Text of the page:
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My Night on Call…Fight or Flight

Authors: Mr. Mohamed Abouelazayem MBBCh MSc MRCS, @MoAbouelazayem General Surgery, Royal Free London NHS Foundation Trust Academic coordinator of The Upper Gastrointestinal Surgeons (TUGS) community Social Media Lead in the Roux group committee of Association of Upper Gastrointestinal Surgery of Great Britain and Ireland (AUGIS)

It’s 3 a.m., and I am 6 months into my first registrar job in the UK at a major trauma centre in London. Being a general surgery registrar is difficult, especially at a busy trauma centre. It requires a whole set of new skills: decision-making, prioritisation, and leadership. After sorting out all the jobs remaining from the day team and admitting a few patients, I was about to get some rest when my bleep started screaming again. 

The A&E microphone was calling for help in the resuscitation area with a patient who might need a thoracotomy; how interesting and how lucky I am to work in a place with Cardiothoracic surgeons on call! We went there, driven by curiosity, to watch a thoracotomy. I walked into the cubicle and saw the A & E consultant, whose face I will never forget when he looked at me and said: “This patient is 23 years old, stabbed in the abdomen and is exsanguinating. He needs to go to theatres NOW”. 

I glanced at the monitor, showing systolic blood pressure of 60 and blood on his abdomen with a stab wound about 4 cm long. Red blood bags and lines running through his arms. My adrenaline levels skyrocketed. I called my consultant, woke her up, and told her this patient needs to go to theatres now! She said, “I am on my way.” I can easily say these were the most stressful moments in my career until now. It’s a new place for me, a new culture, a new hospital, and I must do something to save this patient. Looking around, I realised I was the most senior surgeon in the room. My brain and heart were racing; where is the bleeding coming from, what will I do, what do I need to do before scrubbing? I asked the scrub nurse for a knife, big scissors, and tons of packs. Luckily, I did my Definitive Surgical Trauma Skills (DSTS) course with RCSEng 3 weeks ago (a course for ST6 to ST8 level). Fine, I will follow the principles: laparotomy, packing, and wait for my consultant to arrive. I will stand to the patient’s right to pack in a systematic way. But I am left-handed, so I usually stand to the left for better control. It might be the spleen bleeding, so I need to pack systematically, starting from the left upper quadrant. So I decided to use my right hand. I looked at the anaesthetist for one last time, and he said, “you need to start.”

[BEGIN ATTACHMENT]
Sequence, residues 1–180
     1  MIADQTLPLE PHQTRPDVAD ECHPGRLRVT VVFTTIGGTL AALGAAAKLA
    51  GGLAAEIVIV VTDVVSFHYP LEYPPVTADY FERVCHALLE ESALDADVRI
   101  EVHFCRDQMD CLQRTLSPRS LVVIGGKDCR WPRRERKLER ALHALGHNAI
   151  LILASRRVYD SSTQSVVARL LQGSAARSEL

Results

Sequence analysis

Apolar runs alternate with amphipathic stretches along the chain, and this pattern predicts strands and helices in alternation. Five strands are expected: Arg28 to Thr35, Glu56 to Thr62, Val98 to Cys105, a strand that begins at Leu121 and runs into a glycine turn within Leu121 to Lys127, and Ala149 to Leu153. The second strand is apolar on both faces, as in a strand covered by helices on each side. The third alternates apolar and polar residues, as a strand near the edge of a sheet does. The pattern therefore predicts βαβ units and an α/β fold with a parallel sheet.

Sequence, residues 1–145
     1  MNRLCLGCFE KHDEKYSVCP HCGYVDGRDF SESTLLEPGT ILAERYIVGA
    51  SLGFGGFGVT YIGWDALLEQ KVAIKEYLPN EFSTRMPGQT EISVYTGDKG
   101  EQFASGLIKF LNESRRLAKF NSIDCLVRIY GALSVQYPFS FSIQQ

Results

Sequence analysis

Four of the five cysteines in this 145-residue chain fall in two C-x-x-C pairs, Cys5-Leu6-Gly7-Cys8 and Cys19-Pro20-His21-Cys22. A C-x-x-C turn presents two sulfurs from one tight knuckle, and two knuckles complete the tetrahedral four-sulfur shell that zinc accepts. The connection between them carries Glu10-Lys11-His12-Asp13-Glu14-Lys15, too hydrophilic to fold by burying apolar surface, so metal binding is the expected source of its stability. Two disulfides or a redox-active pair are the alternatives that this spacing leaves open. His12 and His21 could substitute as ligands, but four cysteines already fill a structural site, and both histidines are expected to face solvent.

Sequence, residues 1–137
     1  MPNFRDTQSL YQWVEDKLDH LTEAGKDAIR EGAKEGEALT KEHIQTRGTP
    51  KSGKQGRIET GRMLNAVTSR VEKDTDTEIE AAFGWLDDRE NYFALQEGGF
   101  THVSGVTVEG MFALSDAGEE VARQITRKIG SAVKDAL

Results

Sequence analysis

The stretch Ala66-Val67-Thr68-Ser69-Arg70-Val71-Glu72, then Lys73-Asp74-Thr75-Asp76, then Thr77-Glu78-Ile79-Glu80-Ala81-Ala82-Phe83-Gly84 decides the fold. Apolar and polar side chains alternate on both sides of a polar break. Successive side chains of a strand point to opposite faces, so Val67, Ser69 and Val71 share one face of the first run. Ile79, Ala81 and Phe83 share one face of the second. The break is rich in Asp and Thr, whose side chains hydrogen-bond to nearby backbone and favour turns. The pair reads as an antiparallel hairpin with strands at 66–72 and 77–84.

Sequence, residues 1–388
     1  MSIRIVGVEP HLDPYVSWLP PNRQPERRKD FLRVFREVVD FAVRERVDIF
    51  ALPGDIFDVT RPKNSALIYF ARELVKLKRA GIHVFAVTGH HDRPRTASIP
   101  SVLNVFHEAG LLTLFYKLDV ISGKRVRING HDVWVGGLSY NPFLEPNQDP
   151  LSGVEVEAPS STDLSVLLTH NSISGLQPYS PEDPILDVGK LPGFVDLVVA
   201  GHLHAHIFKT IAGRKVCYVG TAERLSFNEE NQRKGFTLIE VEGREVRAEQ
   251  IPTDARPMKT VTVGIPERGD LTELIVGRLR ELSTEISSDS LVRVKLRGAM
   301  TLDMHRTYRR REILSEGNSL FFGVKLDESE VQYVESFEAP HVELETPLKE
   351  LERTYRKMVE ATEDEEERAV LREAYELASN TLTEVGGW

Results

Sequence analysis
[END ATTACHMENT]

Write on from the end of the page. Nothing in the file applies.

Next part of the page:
I managed to enter the abdomen with a full-length midline laparotomy in less than 30 seconds. Diving in a blood pool while sucking out as much as possible, I packed every quadrant and put some pressure on it. I looked up to the anaesthetist, took a deep breath, and asked about the blood pressure. At that moment, my consultant walked in and asked what did you do? It had been about 30 minutes since I called her. The most difficult and stressful but satisfying 30 minutes in my short career. 

We spent about another hour controlling the bleeding from the bowel and closing a hole in the IVC. The feeling I had after leaving theatres was indescribable. The patient left the hospital on his feet 30 days later and paid a donation to our hospital to help surgical trainees attend the DSTS course. At the end of the day, I could proudly say I saved a life today!


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